Your Office Phone in Your Pocket? There's an App for That


As part of its effort to branch beyond equipment, Alcatel-Lucent (s alu) is taking a page from Cisco’s playbook (s csco) and eying the collaboration market. The telecommunications gear maker today introduced an app for customers of its Office Communication Solution that can link iPhones (s aapl) with an office phone system, providing a seamless telephony solution for users in the office, on the road or working from home.

The new Multimodal Communication Companion app interfaces with the Alcatel-Lucent Extended Communications Server and provides remote access to contact lists, communication history, voicemail, email, faxes and shared calendars. It also enables those employees away from the office to check if their colleagues are available via email or phone — helping distributed teams to bridge the gap with colleagues. Also available is companion desktop software, which extends similar functionality to Macs (s aapl) and PCs (s msft).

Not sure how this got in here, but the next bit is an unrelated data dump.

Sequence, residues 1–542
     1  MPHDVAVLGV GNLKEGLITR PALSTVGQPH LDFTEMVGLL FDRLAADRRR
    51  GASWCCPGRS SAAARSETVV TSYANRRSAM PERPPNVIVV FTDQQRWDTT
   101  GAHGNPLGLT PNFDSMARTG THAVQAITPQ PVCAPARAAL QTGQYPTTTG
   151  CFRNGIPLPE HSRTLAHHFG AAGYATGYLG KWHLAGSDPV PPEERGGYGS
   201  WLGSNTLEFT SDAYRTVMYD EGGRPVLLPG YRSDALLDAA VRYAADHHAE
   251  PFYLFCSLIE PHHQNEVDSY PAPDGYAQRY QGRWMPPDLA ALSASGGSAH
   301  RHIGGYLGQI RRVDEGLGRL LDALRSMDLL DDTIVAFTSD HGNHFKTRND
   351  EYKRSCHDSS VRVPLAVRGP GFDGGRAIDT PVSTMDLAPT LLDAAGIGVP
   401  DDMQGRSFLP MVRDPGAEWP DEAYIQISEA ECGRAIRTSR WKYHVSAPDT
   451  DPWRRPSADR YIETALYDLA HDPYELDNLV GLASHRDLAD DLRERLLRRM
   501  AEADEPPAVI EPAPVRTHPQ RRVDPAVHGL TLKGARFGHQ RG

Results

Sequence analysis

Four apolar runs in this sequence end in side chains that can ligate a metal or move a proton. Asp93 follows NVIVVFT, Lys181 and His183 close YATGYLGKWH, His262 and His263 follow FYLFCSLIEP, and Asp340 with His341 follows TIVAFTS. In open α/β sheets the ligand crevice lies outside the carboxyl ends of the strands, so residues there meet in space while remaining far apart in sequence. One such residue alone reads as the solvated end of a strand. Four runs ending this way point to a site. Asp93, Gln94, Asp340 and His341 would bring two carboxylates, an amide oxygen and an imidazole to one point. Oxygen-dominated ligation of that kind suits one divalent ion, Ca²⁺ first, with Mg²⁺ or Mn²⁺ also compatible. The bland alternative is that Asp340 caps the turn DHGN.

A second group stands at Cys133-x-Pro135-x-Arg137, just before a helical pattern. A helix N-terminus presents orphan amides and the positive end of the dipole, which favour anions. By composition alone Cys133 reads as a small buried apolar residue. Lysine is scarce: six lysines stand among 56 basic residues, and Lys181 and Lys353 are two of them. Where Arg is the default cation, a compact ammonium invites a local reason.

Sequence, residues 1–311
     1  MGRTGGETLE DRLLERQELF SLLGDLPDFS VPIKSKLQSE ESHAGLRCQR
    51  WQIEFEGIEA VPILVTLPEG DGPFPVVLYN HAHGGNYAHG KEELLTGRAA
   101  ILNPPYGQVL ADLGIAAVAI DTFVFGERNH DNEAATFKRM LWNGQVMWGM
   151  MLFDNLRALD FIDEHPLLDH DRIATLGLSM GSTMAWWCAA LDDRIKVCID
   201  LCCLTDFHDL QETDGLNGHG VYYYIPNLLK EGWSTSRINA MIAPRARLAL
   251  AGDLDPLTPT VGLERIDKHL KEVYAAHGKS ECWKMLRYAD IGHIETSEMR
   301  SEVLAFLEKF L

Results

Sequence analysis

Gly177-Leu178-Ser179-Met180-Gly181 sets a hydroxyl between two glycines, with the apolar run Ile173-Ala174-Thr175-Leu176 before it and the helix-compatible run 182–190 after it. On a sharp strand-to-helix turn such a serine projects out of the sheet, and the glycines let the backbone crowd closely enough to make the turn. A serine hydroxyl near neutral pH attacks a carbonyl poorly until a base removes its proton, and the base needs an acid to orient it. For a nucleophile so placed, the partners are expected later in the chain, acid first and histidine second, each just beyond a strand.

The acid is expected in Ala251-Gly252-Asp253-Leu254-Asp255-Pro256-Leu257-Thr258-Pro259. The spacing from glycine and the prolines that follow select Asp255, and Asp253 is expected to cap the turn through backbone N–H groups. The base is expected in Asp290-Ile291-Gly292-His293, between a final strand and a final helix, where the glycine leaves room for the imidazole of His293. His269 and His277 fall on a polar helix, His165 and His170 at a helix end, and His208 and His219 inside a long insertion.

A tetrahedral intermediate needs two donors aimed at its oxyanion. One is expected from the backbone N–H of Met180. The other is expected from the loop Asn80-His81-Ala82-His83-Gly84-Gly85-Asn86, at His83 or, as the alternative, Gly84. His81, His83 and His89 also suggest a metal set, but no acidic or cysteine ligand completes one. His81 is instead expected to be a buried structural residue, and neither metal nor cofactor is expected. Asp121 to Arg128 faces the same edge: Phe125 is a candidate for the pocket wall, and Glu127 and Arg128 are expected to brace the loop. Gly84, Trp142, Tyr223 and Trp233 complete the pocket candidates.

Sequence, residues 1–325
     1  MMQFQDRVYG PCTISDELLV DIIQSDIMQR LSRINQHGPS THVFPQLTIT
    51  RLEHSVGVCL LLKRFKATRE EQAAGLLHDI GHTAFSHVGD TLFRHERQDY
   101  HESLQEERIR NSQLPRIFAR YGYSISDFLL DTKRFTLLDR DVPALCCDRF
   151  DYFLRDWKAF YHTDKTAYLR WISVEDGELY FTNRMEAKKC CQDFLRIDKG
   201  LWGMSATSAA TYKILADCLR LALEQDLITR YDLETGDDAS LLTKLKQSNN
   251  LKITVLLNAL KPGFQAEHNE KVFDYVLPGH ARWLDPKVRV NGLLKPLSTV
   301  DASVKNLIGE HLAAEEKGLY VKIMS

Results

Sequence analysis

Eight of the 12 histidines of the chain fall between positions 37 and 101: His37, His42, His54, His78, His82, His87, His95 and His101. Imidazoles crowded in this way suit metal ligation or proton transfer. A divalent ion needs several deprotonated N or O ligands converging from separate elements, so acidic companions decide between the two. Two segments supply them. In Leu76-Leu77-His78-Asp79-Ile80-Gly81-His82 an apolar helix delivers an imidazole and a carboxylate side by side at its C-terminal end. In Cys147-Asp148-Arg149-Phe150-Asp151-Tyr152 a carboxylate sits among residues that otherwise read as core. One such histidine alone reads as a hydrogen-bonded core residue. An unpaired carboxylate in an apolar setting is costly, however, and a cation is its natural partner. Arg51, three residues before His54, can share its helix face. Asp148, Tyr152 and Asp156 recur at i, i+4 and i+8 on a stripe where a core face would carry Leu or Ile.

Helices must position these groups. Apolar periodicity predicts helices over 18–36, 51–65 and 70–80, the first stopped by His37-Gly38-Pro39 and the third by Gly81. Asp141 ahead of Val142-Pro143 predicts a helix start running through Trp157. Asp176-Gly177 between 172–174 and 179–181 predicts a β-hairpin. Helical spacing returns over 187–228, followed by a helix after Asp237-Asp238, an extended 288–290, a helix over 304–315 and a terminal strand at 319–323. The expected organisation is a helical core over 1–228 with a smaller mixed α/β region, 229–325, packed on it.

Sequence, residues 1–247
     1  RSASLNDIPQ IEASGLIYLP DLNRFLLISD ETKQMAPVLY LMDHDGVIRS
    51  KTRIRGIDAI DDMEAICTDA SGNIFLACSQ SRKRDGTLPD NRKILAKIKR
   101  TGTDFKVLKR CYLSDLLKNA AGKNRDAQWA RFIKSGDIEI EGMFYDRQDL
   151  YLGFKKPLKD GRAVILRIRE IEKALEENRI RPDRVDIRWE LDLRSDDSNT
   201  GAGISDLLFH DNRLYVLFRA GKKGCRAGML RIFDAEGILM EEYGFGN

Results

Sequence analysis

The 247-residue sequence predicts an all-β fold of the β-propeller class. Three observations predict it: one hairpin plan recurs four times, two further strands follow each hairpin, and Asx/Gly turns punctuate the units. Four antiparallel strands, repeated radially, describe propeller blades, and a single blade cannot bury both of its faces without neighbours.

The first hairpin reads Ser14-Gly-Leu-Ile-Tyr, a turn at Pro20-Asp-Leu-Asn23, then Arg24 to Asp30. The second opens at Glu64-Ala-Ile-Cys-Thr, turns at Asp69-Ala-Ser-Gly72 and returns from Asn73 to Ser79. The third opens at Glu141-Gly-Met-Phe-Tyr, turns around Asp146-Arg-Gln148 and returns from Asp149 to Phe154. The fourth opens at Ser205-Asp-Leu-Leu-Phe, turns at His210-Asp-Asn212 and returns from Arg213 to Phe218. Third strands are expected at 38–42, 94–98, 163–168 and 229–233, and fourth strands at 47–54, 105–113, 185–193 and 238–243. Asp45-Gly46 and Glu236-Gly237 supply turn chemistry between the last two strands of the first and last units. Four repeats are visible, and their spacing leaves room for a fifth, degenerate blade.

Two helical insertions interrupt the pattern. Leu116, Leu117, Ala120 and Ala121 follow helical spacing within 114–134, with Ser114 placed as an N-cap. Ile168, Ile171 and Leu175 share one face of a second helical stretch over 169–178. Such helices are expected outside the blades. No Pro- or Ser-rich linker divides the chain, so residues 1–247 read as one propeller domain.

While any move that helps enable the web work revolution (GigaOM Pro link, sub req.) is to be applauded, I’m not clear if this is better than using Microsoft’s SharePoint via an iPhone, as several apps allow workers on the go to do. The free iPhone app is available to download from the App Store today; it will be rolled out to other smartphone platforms in the future. The Office Communication Solution and the Multimodal Communication Companion are suitable for SMBs with up to 200 employees.

Related GigaOM Pro content (sub. req.): Enabling the Web Work Revolution


Prevodilacka Agencija

I see that many my friends love iPhone but i prefer HTC which is much better for any implementation.But I guess it is police of two different companies and nothing we can not do about it.


I love this idea but isn’t Alcatel-Lucent and Cisco a little out of the league of most small businesses?

Brian S Hall

Another example of how ‘consumers’ (individuals) are driving adoption of smartphones and apps, just the opposite of how businesses led the adoption of PCs in the prior millennium.

Comments are closed.